She was right; her voice was a small one, but unforgettable.

There were many other “small voices” over the years brave enough to tell their stories publicly; they cast aside the shame heaped upon them by a Catholic country for bearing an illegitimate child and shone a spotlight on the harsh practices of the past, which saw them treated as outcasts and their children taken, often without their consent, and sent to the US for adoption.

Ann O'Loughlin on writing The Ballroom Cafe

It was these “small voices” that I drew upon to write The Ballroom Cafe.

All fiction reflects life and The Ballroom Cafe is a novel concentrating on the “forced adoption story” from both sides, moving between 1960s America and Ireland in 2008. It is a solid fact that ordinary life trundles on no matter what tragedy is heaped on our shoulders, so the challenge for me as a writer was to examine this issue, reflect the pain and suffering caused to so many women, while at the same time making sure the story rather than the issue drove the book.

It seemed fitting then to set The Ballroom Cafe in a crumbling old mansion, Roscarbury Hall, Rathsorney, Co Wicklow in Ireland, where two sisters, Ella and Roberta O’Callaghan, lived among the misty parkland and the overgrown gardens running down to the sea. A deep silence lasting decades dominated their lives; they only communicated through notes, short sharp notes slapped down on the hall table.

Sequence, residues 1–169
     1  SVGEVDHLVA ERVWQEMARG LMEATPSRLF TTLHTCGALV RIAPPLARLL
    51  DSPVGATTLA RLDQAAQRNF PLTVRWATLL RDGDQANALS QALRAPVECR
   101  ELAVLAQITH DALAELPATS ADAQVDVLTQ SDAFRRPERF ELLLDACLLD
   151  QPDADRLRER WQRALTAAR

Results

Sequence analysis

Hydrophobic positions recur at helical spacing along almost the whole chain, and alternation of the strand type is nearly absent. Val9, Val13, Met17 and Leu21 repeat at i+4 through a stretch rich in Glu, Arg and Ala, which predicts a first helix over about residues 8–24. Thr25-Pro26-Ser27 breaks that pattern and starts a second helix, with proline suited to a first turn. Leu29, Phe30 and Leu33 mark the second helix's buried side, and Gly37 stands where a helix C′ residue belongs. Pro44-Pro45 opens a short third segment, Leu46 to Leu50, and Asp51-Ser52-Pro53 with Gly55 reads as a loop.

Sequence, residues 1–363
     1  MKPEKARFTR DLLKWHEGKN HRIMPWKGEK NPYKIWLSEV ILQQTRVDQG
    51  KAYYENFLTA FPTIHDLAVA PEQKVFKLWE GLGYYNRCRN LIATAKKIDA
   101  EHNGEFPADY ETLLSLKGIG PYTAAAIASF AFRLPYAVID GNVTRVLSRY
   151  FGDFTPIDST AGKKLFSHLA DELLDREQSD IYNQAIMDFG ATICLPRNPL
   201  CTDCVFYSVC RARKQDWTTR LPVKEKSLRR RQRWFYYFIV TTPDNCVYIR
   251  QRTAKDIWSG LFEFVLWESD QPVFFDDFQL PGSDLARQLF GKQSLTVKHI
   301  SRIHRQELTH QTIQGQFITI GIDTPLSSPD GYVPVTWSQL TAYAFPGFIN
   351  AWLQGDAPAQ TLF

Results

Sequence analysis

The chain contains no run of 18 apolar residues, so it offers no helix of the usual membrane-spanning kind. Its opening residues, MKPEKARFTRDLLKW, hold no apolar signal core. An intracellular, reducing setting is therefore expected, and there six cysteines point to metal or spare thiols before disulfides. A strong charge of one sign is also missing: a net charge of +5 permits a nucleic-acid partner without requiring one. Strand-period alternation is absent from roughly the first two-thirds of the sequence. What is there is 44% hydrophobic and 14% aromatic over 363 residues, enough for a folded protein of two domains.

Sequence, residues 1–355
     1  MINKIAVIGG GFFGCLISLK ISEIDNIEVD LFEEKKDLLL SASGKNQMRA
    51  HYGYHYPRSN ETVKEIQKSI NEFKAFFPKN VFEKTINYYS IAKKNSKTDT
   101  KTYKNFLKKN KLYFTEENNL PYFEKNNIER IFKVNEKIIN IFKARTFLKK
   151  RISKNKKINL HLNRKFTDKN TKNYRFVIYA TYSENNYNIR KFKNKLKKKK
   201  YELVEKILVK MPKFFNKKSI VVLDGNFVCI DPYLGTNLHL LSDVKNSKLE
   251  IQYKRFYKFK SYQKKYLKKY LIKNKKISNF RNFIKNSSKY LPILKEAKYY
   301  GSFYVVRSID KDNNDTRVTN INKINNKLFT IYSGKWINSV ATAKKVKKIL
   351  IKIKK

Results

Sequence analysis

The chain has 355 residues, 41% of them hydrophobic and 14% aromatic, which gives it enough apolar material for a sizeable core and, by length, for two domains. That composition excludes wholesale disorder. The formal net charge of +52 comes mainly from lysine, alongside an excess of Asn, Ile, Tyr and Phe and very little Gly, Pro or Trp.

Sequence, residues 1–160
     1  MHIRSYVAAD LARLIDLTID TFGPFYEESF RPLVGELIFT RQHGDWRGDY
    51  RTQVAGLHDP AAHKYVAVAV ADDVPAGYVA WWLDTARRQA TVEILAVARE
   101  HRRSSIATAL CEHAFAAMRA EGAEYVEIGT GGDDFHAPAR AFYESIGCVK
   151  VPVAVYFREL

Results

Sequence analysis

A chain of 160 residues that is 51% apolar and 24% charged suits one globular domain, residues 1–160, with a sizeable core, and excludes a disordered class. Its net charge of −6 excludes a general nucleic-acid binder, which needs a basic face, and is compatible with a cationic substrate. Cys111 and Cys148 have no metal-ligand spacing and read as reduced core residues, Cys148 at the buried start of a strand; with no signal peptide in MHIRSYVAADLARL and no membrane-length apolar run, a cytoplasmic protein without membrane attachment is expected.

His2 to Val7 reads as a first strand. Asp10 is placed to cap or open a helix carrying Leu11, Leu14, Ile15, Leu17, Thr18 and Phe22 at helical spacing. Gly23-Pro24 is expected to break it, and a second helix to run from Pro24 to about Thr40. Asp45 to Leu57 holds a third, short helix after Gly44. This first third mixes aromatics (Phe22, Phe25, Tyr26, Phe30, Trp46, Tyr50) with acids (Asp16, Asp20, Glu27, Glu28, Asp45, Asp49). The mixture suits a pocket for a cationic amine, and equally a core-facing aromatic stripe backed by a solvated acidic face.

When Ella, to keep the bank from repossessing the house, opens a cafe in the old ballroom upstairs, her sister is furious. An American, Debbie Kading, here in Ireland tracing her roots, befriends Ella and starts to work in the cafe. Debbie is looking for answers, but meets a wall of silence at the local convention. An adoption scandal is uncovered that reaches far beyond the convent and the tiny village of Rathsorney.

The Ballroom Cafe may be a story filtered through life in Rathsorney village and the cafe, where people gossip and sip tea from china cups, but it reflects the tragedies of those ordinary lives lived under the shadow of a shameful secret.